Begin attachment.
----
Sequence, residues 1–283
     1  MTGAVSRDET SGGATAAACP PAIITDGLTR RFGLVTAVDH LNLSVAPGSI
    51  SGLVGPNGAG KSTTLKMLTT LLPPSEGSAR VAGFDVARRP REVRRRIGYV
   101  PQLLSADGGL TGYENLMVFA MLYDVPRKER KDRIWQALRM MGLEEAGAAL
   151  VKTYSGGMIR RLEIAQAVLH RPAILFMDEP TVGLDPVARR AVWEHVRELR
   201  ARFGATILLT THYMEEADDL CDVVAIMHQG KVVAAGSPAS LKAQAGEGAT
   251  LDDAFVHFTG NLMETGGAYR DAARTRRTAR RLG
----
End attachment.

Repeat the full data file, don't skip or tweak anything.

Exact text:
Sequence, residues 1–283
     1  MTGAVSRDET SGGATAAACP PAIITDGLTR RFGLVTAVDH LNLSVAPGSI
    51  SGLVGPNGAG KSTTLKMLTT LLPPSEGSAR VAGFDVARRP REVRRRIGYV
   101  PQLLSADGGL TGYENLMVFA MLYDVPRKER KDRIWQALRM MGLEEAGAAL
   151  VKTYSGGMIR RLEIAQAVLH RPAILFMDEP TVGLDPVARR AVWEHVRELR
   201  ARFGATILLT THYMEEADDL CDVVAIMHQG KVVAAGSPAS LKAQAGEGAT
   251  LDDAFVHFTG NLMETGGAYR DAARTRRTAR RLG